The Harper government's religious conversion on the veterans' affairs file continues apace.
To wit, the government agrees with every recommendation the Auditor-General has made regarding the improvement of mental-health services to veterans, most of which have to do with speeding up and streamlining the application process for benefits. As well, Ottawa announced this week it will spend $200-million on mental-health services and facilities for veterans and personnel, and another $5-million on research into the mental health of Canadian Forces members.
The emphasis on mental health has grown out of the tragic suicides of 160 servicemen and women between 2004 and 2014. It is also the result of society's greater awareness of mental illnesses, particularly post-traumatic stress disorder, which afflicts so many personnel and veterans, especially those who fought in Afghanistan. The government, prodded by the Auditor-General, is taking the right steps to address a terrible problem.
But this shouldn't distract from the government's multiple confrontations with veterans over the past eight years. Those include lump-sum disability payments for wounded modern-era vets that Veterans Ombudsman Guy Parent says are inadequate and will leave hundreds in poverty when they reach 65; accusations of discharging wounded personnel just months before they become eligible for a pension, in order to save money; and a nasty videotaped exchange beween Veterans Affairs Minister Julian Fantino and a group of veterans who went to Parliament to meet with him.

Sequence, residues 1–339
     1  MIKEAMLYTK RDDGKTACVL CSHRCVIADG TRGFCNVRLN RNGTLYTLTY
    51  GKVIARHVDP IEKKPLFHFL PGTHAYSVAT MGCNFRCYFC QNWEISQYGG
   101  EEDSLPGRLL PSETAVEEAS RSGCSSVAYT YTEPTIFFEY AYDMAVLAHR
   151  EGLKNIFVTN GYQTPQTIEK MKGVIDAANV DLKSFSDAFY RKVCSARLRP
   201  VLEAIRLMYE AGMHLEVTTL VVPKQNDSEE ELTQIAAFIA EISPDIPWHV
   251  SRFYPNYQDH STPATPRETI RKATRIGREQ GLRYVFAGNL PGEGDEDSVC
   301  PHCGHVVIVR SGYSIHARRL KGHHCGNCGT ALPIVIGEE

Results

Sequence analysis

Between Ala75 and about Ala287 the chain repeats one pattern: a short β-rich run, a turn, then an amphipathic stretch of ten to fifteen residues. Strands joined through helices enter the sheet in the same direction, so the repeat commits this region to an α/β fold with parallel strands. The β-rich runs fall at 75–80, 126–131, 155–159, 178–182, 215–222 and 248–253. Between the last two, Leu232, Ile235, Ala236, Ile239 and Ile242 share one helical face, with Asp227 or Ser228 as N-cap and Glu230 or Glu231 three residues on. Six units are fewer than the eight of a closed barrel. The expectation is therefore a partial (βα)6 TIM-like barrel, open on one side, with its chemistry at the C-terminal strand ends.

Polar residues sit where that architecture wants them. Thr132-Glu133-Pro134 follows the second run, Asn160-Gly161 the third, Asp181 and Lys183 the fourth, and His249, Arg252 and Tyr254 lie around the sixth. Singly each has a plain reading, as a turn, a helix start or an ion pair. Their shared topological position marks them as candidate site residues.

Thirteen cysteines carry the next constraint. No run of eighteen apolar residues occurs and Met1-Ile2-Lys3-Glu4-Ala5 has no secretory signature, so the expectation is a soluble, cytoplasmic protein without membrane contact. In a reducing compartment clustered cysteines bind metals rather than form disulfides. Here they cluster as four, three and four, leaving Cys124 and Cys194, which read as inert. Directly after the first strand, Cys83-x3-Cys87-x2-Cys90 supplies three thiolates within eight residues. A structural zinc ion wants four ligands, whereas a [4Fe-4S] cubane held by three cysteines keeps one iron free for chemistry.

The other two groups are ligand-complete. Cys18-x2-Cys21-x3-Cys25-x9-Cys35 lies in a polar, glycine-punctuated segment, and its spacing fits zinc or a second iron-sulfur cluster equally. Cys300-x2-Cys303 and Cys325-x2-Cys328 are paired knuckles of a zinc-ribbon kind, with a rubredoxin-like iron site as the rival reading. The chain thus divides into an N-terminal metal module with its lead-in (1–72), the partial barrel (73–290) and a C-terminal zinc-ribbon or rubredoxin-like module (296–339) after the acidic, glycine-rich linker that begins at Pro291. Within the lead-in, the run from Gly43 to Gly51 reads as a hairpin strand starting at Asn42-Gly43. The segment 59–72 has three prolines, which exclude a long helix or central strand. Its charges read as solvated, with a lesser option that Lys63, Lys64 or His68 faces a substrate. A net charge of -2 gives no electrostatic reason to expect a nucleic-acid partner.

The lowest point came in 2013 when government lawyers argued in court that Ottawa has no particular moral obligation to veterans. In an effort to cut costs, the Harper government was willing to depreciate a sacred duty. Now, faced with outrage from injured and suffering Afghan war vets, it has suddenly seen the light regarding mental-health issues. Good. But no one should mistake this for salvation. There's still more the government can and should be doing for wounded vets.